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John Richardson wrote:

Hi, guys —

I do not understand the concept of mortal sin.

  • Can I be forgiven if I have committed a mortal sin?
  • If so, how?

Thank you,


  { Can you explain to me the concept of mortal sin and can I be forgiven if I have committed one? }

Bob replied:


The distinction between 'mortal' and 'venial' sin comes from the Bible, in the first letter of John Chapter 5 vs. 17 where he says:

"there is such a thing as deadly (mortal) sin" and "all wrongdoing is sin, but there is sin that is not deadly."

Read over the passage from vs 13-17 to get a greater sense of the context. In essence, the distinction relates to deliberate unrepentant sin vs. sins from our human weakness and faults.

If someone sins because he is weak, God's forgiveness is always there like a loving parent. He is not looking to beat us up because we aren't perfect. Rather, we receive forgiveness through God's great kindness and our sincere heart and good will to follow him. Reception of the sacraments, particularly the Eucharist and Confession take care of these not so big matters.

However, if someone deliberately sins and the matter is serious (i.e., not just telling your kid there is no more ice cream in the freezer), and fails to repent, that person has committed a mortal sin — a sin that extinguishes the life of grace in that soul. That person is at risk of losing their eternal salvation. What is needed in this case is repentance, Confession and absolution from a priest who was invested by Christ himself with the power to forgive sins (cf. John 20:21ff). (That would be a Catholic or Orthodox who holds valid Holy Orders) If a person was in a life threatening situation and no priest was available for the sacrament, all hope is not lost. God will forgive if the contrition is "perfect." Contrition is the true remorse for having offended God and his children. One can be sorry for sins based on the fear of punishment, but that is not "perfect." This lesser form of sorrow is sufficient for turning the sinner toward true repentance and is enough for a good Confession. Absolution (from a priest) will still work in this place.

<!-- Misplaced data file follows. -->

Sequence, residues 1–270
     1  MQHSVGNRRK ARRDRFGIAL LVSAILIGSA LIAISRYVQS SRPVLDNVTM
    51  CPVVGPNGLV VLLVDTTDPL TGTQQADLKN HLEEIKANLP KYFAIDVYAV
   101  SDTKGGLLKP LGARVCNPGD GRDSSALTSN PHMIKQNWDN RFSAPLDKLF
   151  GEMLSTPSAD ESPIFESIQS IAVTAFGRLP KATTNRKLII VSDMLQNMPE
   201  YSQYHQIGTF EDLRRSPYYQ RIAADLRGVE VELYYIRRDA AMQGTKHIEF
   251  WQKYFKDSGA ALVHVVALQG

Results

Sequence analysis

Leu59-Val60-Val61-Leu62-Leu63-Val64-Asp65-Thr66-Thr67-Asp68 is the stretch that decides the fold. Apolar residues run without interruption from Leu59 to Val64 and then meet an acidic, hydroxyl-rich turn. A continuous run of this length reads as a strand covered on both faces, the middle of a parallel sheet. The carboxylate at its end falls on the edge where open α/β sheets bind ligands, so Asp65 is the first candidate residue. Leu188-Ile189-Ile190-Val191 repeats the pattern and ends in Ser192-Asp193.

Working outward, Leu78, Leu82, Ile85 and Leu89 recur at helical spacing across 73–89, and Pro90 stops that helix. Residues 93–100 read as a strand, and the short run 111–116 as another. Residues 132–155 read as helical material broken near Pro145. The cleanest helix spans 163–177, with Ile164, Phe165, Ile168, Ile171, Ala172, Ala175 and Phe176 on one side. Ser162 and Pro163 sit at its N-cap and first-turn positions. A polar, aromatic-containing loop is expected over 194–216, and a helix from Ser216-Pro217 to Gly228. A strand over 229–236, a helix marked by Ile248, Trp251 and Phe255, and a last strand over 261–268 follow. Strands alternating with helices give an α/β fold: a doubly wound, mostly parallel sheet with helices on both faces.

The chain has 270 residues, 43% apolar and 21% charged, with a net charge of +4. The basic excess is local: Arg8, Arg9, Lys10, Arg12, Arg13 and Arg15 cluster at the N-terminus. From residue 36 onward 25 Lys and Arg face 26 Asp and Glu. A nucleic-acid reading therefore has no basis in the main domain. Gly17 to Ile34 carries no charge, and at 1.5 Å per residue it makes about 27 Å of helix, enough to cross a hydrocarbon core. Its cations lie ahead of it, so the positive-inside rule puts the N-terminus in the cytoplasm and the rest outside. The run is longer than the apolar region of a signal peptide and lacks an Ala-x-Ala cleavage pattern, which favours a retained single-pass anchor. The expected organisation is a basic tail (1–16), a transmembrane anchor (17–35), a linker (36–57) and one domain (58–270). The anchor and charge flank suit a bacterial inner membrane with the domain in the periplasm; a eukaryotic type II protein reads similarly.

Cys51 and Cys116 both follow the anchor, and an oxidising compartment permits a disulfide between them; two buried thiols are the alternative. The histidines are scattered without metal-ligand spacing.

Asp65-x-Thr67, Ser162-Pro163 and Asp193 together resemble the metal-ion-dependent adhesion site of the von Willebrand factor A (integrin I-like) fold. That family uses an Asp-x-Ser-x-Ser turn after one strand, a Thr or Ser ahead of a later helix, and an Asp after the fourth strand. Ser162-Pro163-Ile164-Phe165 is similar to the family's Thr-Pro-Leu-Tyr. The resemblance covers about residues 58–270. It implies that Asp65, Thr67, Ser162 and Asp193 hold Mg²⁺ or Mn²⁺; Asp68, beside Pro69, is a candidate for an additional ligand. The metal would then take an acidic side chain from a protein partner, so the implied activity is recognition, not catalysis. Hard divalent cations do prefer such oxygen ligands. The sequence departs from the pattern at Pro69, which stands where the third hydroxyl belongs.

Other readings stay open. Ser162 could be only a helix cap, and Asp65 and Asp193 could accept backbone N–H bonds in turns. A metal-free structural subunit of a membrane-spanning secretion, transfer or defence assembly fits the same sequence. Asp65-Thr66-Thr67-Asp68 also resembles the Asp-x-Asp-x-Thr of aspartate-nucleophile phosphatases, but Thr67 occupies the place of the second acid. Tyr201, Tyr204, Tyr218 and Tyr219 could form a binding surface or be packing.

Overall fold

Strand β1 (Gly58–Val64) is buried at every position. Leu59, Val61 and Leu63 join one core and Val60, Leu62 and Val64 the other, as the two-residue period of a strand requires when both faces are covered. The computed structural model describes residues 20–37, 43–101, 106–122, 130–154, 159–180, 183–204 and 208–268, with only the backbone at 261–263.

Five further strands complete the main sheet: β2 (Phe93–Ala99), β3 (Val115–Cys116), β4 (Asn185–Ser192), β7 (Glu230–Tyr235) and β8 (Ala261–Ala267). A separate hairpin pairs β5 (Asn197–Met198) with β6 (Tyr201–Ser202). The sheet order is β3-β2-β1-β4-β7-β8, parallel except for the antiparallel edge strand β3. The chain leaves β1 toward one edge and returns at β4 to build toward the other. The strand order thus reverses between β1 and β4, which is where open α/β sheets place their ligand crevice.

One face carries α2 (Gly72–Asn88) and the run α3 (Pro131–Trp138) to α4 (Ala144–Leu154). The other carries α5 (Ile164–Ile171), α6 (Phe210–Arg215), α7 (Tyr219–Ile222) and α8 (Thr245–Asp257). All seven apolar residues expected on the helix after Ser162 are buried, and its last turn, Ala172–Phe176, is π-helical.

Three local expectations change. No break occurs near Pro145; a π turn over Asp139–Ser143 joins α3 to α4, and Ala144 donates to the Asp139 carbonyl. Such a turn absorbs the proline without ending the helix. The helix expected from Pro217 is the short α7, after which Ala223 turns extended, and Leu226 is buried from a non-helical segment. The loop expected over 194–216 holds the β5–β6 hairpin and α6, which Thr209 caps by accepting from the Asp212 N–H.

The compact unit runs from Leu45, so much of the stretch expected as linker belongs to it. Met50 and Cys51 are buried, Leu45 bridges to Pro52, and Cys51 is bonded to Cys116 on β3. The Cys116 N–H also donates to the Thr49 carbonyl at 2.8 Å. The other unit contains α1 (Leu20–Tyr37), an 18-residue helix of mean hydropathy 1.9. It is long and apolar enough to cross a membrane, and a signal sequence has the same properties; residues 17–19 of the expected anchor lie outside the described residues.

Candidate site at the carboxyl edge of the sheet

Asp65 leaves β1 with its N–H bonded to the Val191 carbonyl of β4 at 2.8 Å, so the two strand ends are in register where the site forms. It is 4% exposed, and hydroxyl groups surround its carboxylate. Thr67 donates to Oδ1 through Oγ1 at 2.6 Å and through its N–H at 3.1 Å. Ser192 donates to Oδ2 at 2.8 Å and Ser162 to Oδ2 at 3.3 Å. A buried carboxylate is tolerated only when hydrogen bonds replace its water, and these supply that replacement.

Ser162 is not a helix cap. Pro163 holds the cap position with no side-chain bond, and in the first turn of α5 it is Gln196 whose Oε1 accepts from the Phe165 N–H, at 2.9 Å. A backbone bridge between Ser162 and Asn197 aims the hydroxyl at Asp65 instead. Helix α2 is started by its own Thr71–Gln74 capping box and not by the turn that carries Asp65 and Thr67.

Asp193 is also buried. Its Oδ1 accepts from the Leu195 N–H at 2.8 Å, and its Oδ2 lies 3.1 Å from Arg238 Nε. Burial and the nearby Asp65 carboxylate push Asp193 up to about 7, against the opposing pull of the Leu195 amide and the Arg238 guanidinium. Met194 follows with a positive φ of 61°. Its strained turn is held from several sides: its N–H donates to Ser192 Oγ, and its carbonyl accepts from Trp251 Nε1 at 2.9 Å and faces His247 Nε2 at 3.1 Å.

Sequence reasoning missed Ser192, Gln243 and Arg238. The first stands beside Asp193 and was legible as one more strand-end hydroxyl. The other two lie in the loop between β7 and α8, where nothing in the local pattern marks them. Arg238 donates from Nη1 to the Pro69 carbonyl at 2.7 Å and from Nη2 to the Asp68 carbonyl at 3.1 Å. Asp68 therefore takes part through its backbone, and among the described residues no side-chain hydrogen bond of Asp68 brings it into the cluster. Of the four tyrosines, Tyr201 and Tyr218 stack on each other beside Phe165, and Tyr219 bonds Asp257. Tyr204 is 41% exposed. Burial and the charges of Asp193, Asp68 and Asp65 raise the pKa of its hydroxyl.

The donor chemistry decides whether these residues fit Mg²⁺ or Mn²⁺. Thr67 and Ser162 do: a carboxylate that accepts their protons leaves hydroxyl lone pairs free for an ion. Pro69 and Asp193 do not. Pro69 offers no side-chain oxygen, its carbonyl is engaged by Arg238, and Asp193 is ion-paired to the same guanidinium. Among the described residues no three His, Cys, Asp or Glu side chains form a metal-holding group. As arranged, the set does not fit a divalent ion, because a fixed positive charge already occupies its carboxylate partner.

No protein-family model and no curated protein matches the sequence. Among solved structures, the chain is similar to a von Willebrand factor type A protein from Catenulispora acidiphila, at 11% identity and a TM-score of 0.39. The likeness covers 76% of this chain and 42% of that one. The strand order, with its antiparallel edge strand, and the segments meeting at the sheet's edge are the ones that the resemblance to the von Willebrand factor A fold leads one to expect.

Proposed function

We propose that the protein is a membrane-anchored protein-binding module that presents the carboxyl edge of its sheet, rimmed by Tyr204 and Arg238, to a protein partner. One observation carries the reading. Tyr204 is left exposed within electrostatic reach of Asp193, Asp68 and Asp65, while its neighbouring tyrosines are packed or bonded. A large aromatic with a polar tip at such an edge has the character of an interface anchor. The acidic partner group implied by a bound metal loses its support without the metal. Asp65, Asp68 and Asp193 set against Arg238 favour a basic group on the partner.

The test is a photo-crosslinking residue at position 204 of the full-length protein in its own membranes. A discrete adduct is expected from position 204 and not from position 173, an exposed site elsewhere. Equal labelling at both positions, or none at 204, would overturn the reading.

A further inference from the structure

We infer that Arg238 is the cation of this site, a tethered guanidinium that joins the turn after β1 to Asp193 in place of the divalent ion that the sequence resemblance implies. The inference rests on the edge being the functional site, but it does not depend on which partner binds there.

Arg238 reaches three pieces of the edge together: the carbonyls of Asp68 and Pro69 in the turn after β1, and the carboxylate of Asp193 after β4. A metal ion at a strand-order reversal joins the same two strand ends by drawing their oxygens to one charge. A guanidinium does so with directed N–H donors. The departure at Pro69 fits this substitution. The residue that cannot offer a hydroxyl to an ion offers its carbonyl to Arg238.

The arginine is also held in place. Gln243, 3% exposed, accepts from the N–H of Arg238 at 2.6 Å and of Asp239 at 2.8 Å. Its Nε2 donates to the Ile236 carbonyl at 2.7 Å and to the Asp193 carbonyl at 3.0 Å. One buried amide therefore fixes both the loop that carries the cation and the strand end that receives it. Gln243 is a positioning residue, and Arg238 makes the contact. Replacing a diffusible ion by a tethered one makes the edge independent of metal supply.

If you are left without recourse to a priest and your life is in jeopardy, however, you ought to reflect deeply on your contrition and realize it needs to be real, relational (from a child to a father) and trusting in God's mercy. Otherwise, you'd better pack some cool clothes, cause where you are going is extremely warm.


Bob K.

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